“The complaint describes an unappetizing smorgasbord of graft and greed involving six officials who together built a corridor of corruption stretching from Queens and the Bronx to Rockland County, and all the way up to Albany itself,” Bharara added. “After the string of public corruption scandals that we have brought to light, many may rightly resign themselves to the sad truth that perhaps the most powerful special interest in politics is self-interest. We will continue pursuing and punishing every corrupt official we find, but the public corruption crisis in New York is more than a prosecutor’s problem.”

“Elected officials are called public servants because they are supposed to serve the people. Public service is not supposed to be a shortcut to self-enrichment,” added George Venizelos, FBI assistant director in-charge. “At the very least, public officials should obey the law. As alleged, these defendants did not obey the law; they broke the law and the public trust. There is a price to pay for that kind of betrayal.”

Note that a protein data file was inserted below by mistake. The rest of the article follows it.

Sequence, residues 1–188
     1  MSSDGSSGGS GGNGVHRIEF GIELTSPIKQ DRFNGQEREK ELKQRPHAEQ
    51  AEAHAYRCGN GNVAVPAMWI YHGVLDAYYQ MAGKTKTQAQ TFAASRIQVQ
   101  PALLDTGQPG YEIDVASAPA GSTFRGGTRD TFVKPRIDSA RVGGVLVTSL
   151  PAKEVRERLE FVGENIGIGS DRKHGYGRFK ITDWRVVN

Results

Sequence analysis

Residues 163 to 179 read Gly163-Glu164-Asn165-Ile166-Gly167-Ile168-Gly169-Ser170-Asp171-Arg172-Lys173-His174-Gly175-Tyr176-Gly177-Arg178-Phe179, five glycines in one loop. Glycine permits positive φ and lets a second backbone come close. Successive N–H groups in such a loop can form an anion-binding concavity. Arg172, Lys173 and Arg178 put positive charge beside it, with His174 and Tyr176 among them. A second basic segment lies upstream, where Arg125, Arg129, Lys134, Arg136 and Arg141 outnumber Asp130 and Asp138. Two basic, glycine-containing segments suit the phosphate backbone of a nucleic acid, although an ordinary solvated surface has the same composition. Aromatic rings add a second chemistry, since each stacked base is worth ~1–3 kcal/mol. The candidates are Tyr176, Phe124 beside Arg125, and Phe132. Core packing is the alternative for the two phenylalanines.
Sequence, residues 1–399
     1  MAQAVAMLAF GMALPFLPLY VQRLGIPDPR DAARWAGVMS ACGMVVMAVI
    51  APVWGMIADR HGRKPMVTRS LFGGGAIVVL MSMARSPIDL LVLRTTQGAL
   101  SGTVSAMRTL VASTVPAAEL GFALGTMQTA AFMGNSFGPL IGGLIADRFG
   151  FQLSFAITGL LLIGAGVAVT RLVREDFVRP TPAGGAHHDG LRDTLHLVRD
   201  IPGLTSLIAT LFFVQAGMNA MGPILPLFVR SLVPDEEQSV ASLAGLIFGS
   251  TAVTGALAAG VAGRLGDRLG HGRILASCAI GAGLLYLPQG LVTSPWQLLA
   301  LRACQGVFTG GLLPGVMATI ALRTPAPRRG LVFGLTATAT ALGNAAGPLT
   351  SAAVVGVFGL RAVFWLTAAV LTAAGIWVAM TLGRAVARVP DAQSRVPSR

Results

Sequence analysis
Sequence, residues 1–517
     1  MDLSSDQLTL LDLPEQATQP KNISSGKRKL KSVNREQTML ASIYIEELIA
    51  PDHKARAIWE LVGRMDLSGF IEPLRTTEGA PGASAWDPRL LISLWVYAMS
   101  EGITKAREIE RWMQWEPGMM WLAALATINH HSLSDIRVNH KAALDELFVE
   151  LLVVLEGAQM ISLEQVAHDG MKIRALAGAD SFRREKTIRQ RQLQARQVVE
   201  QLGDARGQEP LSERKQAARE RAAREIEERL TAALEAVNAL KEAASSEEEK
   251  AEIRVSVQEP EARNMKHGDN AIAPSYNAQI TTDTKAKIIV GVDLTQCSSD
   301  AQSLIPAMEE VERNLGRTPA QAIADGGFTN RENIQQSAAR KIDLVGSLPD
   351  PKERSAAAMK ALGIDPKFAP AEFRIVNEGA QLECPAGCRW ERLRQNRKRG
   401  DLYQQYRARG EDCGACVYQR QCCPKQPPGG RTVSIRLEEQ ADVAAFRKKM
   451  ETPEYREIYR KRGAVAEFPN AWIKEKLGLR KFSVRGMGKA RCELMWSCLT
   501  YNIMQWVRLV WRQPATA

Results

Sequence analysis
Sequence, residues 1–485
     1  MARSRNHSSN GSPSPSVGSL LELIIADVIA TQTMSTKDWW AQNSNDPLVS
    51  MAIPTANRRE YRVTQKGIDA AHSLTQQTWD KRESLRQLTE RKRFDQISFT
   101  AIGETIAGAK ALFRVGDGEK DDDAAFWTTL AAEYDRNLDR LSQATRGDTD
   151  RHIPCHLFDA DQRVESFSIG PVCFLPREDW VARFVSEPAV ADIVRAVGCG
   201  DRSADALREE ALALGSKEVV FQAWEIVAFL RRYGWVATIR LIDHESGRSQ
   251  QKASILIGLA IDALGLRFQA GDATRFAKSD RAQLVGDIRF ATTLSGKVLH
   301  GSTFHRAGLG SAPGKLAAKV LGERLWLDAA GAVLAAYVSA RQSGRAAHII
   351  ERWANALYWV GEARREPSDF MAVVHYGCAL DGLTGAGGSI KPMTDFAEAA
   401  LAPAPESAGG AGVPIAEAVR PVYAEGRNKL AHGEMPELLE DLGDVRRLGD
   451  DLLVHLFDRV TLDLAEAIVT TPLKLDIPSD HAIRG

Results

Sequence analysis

Political fallout

Though Smith and Halloran are considered innocent until proven guilty under the law, they were swiftly reprimanded by their colleagues in government following their arrest Tuesday.

State Sen. Jeffrey Klein—leader of the Independent Democratic Conference, which shares control of the State Senate with the Republican majority—stripped Smith of his post as chairperson of the caucus and removed him from seats on various committees. Republican Majority Leader Dean Skelos publicly agreed with Klein’s decision.